Friday 10 July 2009 @ 4:06 pm | By Random J
Pachinko is the devil. Don’t let anybody tell you otherwise. Pachinko parlors are found in every shopping district, on every corner, on every street. There’s no missing them. You can hear the ‘pleng, pleng, pleng’ of pachinko balls miles away, and I’m betting that the lights from the parlors are visible from outter space. The lights and the noise is loud when you’re out on the street. But it’s not until you drift near to the automatic doors and they open that everything just hits you like a sucker punch to the chest, a bitch slap to the face, and a kick to the back of the head. It will make you laugh, want to cry a little and give up a little of your soul in exchange for never being subjected to it again.
Saturday 4 July 2009 @ 3:57 pm | By Random J
Japan is clean. I’d heard and read about how clean the countries streets are, but I don’t think I expected the streets to be as clean as they are. Seriously. Japan’s streets are dead clean. I’m from London. So I’m used to seeing rubbish on the sidewalks, people littering, bins overflowing and dog shit smeared into the road. In Japan, I saw none of these things. People actually carry bottles of water with them when they walk their dogs, so that if they piss on something they can pour water over it to rinse it off. Only in Japan.
Sure, there were some area’s that looked a little run down. But even these area’s were pretty garbage free. And any garbage that was spotted was placed in neatly tied garbage bags of the appropriate colour corresponding to what type of garbage the bag contains.
Part of the reason why Japan’s streets are so clean is because people tend not to eat on the streets. In the West we’ll pound the pavement whilst snacking on a sandwich, a chocolate bar, some french fries, fast food. Pretty much anything we can eat without the need for a plate, a knife and a fork: we’ll eat on the go. In Japan? No deal. Because of this general social rule, there is a distinct lack of dustbins. So if you were unlucky enough to decide not to eat your Burger King in the joint, then a daily excursion can quickly turn into a scavenger hunt for a dustbin. And chances are if you find one, it’s only for a particular kind of rubbish which means you’ll still be left with whatever you couldn’t chuck. (Garbage separating = an integral part of Japanese life). As time goes on you slowly acclimatize to the country and turn a little Japanese, you begin to learn the Nihongo way: you either eat your food where the hell you bought it, or you want till your ass gets home.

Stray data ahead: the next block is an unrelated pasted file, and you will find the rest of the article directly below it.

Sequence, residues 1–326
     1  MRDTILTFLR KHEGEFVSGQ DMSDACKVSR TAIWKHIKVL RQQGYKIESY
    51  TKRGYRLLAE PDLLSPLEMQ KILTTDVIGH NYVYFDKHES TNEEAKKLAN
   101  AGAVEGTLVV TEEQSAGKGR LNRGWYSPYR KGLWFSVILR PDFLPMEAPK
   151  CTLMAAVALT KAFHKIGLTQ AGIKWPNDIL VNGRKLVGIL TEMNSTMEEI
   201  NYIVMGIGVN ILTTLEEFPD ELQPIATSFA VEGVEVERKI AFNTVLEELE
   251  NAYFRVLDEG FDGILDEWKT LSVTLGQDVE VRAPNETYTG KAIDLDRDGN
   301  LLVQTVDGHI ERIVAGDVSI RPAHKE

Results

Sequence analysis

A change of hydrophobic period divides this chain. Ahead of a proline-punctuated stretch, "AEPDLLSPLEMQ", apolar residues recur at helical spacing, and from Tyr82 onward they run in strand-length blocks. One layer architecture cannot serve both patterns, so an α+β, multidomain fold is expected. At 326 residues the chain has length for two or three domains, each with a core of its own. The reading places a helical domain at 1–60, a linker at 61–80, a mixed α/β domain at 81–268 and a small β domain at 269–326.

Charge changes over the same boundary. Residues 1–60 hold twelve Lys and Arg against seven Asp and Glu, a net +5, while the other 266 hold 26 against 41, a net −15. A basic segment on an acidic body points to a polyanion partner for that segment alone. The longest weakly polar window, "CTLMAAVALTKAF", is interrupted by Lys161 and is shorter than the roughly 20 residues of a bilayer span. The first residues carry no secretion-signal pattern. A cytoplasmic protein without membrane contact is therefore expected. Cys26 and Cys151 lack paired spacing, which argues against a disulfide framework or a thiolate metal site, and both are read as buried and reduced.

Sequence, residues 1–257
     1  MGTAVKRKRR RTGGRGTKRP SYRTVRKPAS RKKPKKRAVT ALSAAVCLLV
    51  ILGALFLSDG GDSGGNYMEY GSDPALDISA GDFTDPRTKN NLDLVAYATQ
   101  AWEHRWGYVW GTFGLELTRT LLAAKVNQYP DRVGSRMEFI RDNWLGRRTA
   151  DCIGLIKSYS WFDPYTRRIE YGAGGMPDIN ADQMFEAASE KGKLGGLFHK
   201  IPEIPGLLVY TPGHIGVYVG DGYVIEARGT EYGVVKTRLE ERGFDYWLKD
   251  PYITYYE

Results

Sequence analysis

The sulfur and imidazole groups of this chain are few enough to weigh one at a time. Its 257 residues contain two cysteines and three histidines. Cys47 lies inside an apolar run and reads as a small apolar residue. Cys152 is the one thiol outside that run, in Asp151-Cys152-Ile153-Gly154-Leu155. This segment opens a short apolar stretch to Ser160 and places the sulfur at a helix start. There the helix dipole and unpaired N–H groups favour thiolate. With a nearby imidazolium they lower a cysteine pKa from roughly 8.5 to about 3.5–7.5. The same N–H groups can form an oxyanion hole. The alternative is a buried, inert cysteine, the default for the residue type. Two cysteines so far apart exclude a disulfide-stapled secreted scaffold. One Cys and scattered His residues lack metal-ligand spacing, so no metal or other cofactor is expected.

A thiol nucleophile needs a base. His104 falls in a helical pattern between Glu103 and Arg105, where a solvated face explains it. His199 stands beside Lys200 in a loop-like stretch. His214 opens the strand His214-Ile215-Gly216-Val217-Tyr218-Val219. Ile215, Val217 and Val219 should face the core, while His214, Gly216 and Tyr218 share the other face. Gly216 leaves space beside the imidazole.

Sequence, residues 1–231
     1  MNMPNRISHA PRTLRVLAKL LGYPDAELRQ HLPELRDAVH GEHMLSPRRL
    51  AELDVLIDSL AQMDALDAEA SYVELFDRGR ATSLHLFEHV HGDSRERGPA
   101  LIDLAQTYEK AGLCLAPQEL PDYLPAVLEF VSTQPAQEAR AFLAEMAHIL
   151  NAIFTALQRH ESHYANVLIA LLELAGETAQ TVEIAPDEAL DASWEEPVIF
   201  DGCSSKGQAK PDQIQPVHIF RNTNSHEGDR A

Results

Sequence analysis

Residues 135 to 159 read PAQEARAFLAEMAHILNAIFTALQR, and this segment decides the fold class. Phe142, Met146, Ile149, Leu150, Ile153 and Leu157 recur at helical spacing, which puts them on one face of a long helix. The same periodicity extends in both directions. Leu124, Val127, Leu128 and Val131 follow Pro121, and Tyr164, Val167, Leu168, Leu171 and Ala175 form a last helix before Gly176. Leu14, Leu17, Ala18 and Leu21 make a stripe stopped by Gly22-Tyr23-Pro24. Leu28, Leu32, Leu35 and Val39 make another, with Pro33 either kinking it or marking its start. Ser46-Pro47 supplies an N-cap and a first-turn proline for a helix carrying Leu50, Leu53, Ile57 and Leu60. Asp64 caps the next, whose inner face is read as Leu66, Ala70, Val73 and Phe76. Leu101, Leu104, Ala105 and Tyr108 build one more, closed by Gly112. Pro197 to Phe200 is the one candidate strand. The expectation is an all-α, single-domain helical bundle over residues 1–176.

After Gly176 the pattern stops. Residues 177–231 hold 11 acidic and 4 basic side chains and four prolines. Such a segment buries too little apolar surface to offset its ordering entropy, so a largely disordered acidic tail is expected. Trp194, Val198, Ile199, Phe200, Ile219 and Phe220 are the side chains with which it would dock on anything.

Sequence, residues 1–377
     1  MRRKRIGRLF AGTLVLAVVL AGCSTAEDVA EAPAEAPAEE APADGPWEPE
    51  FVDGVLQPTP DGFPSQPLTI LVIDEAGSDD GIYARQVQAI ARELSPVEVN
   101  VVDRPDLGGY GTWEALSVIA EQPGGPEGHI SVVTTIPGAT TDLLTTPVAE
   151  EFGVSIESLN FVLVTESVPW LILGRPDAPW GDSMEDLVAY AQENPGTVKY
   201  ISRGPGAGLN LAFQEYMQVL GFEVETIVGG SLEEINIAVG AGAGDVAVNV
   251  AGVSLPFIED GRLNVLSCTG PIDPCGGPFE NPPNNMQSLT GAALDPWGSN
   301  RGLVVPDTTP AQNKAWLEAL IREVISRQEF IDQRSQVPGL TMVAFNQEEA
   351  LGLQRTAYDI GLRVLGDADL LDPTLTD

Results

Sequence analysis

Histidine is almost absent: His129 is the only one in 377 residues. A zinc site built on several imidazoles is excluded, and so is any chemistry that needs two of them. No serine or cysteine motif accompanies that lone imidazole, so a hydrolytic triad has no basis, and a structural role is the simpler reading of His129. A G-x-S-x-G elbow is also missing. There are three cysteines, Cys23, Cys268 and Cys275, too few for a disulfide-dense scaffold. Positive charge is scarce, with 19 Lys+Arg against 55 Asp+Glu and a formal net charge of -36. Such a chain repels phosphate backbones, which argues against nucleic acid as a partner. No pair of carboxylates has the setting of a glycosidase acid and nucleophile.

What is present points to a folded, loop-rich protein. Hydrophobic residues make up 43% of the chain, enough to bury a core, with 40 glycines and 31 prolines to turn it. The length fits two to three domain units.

Japan has many wonders and marvels to catch your attention. But the one you’re constantly hit with is how generally clean the streets are. It really is hard to hate the lack of dustbins and general rule of not eating on the streets, when the streets are so clean as a result. It definitely hit me hard when I landed in the fly tipping site that is London.
Friday 3 July 2009 @ 3:21 pm | By Random J
The part of Kyōto I visited first was a small town, neighbor to some stunning gardens, shrines and pieces of architecture. What really caught me about Kyōto is that by just walking around the gardens and temples, you got a real sense of history. There was just this feeling that every building you saw had a story behind it which spanned hundreds of years. Walking around the grounds was incredibly tranquil and calming. Despite the number of people around and the bustle, there was barely any noise other than the birds tweeting in the trees and the sound of leaves in the wind. Sounds poetic doesn’t it? That’s Kyōto for you.